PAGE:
I wonder if you recall learning to execute a “three-point turn”? It’s a good move to master so that with minimum hassle the vehicle faces in the opposite direction; although perhaps you know some people who turn their car in about in a 19-point turn! The manoeuvre demonstrates that you can handle the gears sufficiently to be able to turn the car around in a normal width road without touching the kerb on either side. The secrets are to turn the wheels fully and not to let them touch the kerb. In life changes in direction maybe one we choose- to seek out a view, or avoid a steep hillside- or the path may be blocked by a land-slip or a farmer has closed off a path we expected to follow. Sometimes our journeys feel like a pleasant meander. We may come to a fork in the path and need to choose between two or three courses of action. It seems that one is seldom “absolutely right” or another “absolutely wrong”. There may be some choices which will be tougher for us and some which appear to be more filled with happy rewards; but the bottom line is that God stays with us whatever choices we make and enables us to turn bad decisions into ones where good may come. Our decisions in life are many: to accept or reject parental advice; which friends to choose; what work to pursue; where to live and work; how to spend money; whether to give up security for a dream; to risk all for an uncertainty; to move from home into sheltered housing... Each decision beings with it a sense of loss, for the options we couldn’t make; the opportunities we missed. This autumn as colleges and schools begin a new year and many people find themselves facing fresh choices, give thanks for the turning points we can choose and rejoice that making one wrong turn will not lead to us being told: “You are the weakest link- Goodbye!” Ask God to guide your decision-making and then know that whatever you choose to do or not do, God is with you and will be with you, always. May you be blessed with good companions on life’s journey Shalom, Elizabeth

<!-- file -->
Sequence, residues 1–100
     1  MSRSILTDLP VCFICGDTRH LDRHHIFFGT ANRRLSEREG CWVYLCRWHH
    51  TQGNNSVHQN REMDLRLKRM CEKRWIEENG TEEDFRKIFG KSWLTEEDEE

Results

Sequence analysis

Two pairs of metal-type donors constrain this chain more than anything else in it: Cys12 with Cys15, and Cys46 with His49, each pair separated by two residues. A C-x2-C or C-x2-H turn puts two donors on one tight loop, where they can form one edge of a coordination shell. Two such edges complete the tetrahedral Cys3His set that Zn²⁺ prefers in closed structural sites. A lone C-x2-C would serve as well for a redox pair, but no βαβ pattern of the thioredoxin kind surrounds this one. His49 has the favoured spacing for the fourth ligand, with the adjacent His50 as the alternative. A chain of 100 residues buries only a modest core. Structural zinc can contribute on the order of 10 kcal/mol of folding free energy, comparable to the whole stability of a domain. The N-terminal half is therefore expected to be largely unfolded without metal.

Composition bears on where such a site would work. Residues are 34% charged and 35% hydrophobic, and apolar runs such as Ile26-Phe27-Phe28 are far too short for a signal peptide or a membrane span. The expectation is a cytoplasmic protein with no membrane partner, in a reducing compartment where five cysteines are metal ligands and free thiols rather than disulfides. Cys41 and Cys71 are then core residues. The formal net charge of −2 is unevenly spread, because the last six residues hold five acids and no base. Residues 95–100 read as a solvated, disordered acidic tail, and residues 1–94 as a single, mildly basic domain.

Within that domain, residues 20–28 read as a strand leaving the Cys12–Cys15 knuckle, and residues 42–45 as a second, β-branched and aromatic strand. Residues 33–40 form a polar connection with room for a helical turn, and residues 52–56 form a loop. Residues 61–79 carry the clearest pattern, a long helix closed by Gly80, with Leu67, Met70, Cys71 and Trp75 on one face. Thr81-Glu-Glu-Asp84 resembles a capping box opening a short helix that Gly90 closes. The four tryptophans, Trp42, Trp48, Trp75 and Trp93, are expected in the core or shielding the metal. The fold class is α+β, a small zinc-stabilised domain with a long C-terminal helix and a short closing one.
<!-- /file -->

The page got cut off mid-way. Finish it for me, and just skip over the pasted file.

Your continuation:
© Long Buckby URC 2017